Revenge of the Nerds: Digital, Marketing and Digital Marketing


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Geeks and nerds, there was a time when the entire population of the Internet was summed up with one of those two words. There were other even less flattering words used, but those two were the most common. That dim view of the online community meant digital marketing was something most companies ignored. If you didn’t sell tech products or videogames, digital marketing wasn’t a viable option.

Digital marketing for tech companies at that time was relatively simple too. Those ‘geeks’ were so hungry for tech that email newsletters and basic websites were all that was required. These online communities were there because they were interested in tech, if you built a website they would find it. More mainstream companies built websites too, but they were designed mainly for information purposes and were rarely aggressively marketed. Even the growth of online shopping failed to encourage big brands to embrace digital marketing, they were still focused on real world campaigns and selling through retailers.

Social Media Made Digital Marketing Mainstream

Social media changed all that. As more and more ‘mainstream’ people started to create their own social presence online, digital marketing became more viable for big brands. Social media marketing is now at the core of most big brand strategies. These days the biggest brands are the ones really pushing digital marketing. You have brands like Nike creating YouTube and Twitter campaigns like #findgreatness and TV shows that display Hashtags and Facebook URLs. The trendsetters offline are becoming trendsetters online.

This change in the way big brands see the online community has had an interesting effect on the public’s perception of tech too. Technology is no longer the preserve of geeks and nerds, these days everybody’s interested in tech. We all carry around smartphones and aspire to own iPads. Movie stars spend vast amounts of time on twitter, some of them even blog. This change hasn’t just lead mainstream brands to embrace digital marketing, it’s made tech companies more mainstream too.

Now Tech is Mainstream Too

Twitter, a company built on sharing 140 character statements and website links, now does mainstream PR. The social network announced some relatively minor changes to its appearance yesterday, on television. The changes were announced during a full Twitter segment on the Today show in the US. This was more than a quick advertisement or brief mention. It was a full on piece of orchestrated PR by a technology company. That’s a long way from the online word of mouth that got Twitter started.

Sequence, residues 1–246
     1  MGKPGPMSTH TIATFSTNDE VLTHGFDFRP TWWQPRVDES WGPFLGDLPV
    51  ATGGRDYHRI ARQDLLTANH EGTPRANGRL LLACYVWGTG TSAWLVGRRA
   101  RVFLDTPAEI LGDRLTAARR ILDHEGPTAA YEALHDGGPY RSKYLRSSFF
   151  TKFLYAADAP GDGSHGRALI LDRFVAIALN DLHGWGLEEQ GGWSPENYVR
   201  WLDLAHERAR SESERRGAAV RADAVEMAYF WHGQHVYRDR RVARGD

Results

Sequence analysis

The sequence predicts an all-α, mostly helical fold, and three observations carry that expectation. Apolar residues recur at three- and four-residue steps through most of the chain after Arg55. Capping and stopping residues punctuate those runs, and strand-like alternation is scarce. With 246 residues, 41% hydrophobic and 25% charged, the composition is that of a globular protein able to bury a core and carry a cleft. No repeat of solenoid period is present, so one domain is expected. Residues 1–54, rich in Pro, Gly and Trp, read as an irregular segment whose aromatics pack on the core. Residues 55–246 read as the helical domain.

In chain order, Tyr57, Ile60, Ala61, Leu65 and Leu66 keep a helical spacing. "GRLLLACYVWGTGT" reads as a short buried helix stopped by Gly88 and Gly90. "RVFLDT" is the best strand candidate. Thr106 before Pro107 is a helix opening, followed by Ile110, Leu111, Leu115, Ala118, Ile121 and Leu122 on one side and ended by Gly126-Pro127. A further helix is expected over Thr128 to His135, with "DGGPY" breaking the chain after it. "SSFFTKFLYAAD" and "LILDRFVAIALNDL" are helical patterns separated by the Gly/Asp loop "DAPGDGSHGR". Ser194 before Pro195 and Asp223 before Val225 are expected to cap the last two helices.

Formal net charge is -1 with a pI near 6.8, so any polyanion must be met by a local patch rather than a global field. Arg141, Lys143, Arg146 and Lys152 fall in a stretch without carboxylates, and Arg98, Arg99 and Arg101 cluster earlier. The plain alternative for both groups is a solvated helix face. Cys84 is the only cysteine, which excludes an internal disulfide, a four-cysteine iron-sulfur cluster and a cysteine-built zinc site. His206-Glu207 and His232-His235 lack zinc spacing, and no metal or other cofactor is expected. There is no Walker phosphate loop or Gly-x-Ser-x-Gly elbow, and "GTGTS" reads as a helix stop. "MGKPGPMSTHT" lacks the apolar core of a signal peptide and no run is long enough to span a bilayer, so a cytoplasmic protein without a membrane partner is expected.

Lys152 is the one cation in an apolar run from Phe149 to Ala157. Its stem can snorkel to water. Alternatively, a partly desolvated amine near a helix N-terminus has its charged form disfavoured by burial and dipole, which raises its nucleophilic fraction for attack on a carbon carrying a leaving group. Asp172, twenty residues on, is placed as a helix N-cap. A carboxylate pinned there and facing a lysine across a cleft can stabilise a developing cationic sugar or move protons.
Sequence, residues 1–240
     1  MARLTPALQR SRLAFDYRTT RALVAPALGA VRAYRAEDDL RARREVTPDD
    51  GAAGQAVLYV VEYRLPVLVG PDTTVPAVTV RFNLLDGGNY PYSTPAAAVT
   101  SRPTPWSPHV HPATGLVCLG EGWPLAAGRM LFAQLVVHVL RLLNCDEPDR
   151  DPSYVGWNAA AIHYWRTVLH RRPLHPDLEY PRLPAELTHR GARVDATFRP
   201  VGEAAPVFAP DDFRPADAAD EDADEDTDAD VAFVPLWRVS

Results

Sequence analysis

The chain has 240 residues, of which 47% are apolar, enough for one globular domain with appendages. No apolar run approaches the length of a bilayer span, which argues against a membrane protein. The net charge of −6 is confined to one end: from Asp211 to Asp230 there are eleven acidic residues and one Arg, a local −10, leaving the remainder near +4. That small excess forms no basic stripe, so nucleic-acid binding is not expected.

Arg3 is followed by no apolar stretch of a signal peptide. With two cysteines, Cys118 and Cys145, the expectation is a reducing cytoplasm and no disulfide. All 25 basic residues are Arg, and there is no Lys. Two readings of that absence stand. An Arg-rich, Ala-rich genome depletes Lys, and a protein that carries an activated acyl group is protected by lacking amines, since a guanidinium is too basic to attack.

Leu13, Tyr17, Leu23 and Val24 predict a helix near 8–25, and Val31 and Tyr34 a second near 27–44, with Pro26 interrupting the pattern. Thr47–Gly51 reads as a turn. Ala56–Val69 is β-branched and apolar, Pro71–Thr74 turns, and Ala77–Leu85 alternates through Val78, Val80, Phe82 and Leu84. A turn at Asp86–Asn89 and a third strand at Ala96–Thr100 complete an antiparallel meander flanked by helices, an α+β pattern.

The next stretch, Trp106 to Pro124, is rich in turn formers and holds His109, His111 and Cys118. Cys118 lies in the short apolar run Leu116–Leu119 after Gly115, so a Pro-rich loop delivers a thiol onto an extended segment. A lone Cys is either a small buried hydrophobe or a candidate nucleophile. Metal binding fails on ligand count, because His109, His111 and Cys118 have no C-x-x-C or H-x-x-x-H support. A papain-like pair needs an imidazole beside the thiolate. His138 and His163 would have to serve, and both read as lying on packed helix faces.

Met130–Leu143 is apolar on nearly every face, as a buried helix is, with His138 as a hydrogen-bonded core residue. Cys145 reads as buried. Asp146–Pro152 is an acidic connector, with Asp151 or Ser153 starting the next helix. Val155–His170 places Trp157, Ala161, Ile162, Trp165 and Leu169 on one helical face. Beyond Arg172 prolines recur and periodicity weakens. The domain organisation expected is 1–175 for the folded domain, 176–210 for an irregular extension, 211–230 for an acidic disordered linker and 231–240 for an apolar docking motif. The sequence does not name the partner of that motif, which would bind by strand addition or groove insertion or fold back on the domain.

It’s not just Twitter who have expanded beyond digital marketing tactics to mainstream PR. Google have taken a similar step with an even geekier product. At the recent Diane Von Furstenberg show in New York, every model on the runway wore Google Glass, a smartphone like device built into a pair of glasses. The event was just the first in a number of fashion related PR campaigns to promote Google Glass. The product, which would have been referred to as a ‘gadget’ in the past, has no release date yet. It’s just an in development project that Google wanted to promote. Just a couple of years ago it would’ve been impossible to imagine an in-development gadget premiering at New York Fashion week, but it happened.

Social media has changed the way that brands market. Now it’s changed who markets where. We have the biggest fashion brands developing massive digital marketing campaigns while the techiest of tech companies are engaging in real world PR. Now the geeks and nerds mingle with the fashionistas and celebrities. Marketing, digital or otherwise, will never be the same.

Republished with author's permission from original post.

Eoin Keenan
Media and Content Manager at Silicon Cloud. We help businesses to drive leads and build customer relationships through online marketing and social media. I blog mainly about social media & marketing, with some tech thrown in for good measure. All thoughts come filtered through other lives in finance, ecommerce, customer service and journalism.


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